What are the Risks of DBS?

By University of Florida Health Physicians Michael S. Okun, M.D., Hubert H. Fernandez, M.D., and Kelly D. Foote, M.D.

DBS, like any brain surgery, has significant risks(16-18).  The most serious and worrisome risk occurs during the surgical procedure when “probes” called microelectrodes are inserted into the brain to determine the best target location.  If a microelectrode, or alternatively the DBS lead, punctures a blood vessel it can lead to a stroke or stroke-like syndrome which may result in weakness, numbness, sensory loss, visual difficulties, or a host of other neurological problems.

Additionally, patients with cognitive dysfunction may worsen following DBS, and the surgery may affect one of many mood and cognitive circuits leading to changes such as depression, laughter, memory problems, or other psychiatric and/or behavioral features.  Additionally, there is a chance the lead may migrate, or the electrode, connecting wire, or impulse generator may break and need to be replaced.  Any time a foreign body is implanted into a human there is a risk for infection, both at the skin level, and in the brain.  The batteries in the device will have to be changed requiring additional surgery, with the average time to battery replacement differing based on the underlying disorder, as well as the stimulation settings.  As with all surgical procedures, there is a small chance of infection, and death from the procedure.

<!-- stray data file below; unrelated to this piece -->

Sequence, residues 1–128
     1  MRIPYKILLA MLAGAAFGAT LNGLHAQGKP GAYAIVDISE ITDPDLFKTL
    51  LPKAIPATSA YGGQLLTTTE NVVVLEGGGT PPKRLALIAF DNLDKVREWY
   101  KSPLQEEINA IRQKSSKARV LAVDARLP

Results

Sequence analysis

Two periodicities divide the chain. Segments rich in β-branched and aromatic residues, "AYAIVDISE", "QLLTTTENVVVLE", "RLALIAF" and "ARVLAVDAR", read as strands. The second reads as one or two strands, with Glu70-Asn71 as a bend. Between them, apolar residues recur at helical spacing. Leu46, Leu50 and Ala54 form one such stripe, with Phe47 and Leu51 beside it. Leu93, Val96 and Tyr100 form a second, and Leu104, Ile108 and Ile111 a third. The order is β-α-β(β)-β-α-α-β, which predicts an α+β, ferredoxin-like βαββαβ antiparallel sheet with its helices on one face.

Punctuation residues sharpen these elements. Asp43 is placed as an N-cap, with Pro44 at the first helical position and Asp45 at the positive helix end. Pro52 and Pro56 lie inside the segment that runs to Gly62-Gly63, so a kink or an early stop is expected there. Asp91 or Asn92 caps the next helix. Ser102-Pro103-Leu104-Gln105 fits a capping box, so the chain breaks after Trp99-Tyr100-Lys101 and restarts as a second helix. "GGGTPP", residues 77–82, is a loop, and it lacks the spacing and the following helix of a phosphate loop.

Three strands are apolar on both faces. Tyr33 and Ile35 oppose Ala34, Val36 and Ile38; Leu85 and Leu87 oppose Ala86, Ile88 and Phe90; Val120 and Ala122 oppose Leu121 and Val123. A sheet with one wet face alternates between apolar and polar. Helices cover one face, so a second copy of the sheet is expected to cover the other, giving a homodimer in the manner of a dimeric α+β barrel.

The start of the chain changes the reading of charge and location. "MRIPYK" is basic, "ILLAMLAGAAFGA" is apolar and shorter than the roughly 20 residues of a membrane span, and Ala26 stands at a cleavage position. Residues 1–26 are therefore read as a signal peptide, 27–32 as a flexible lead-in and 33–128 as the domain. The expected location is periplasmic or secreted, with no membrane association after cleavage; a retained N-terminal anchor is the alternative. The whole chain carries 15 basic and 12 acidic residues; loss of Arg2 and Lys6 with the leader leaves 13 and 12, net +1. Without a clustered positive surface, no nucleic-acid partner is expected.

Perhaps the biggest risk of surgery is that for patients and families the surgery will not meet perceived expectations.  It is for this reason that we strongly suggest an in depth consultation with a movement disorders neurologist.  This discussion should address individual symptoms and be as specific as possible.

We offer a mneumonic device for PD patients interested in DBS (Table 1) to help educate them and alter their perceptions to more closely match what is known about anticipated benefits of surgery.

If you have questions or would like a consultation to see if you are a candidate please call Chris Baughman at 352-294-5431 or email at Christopher.baughman@neurology.ufl.edu.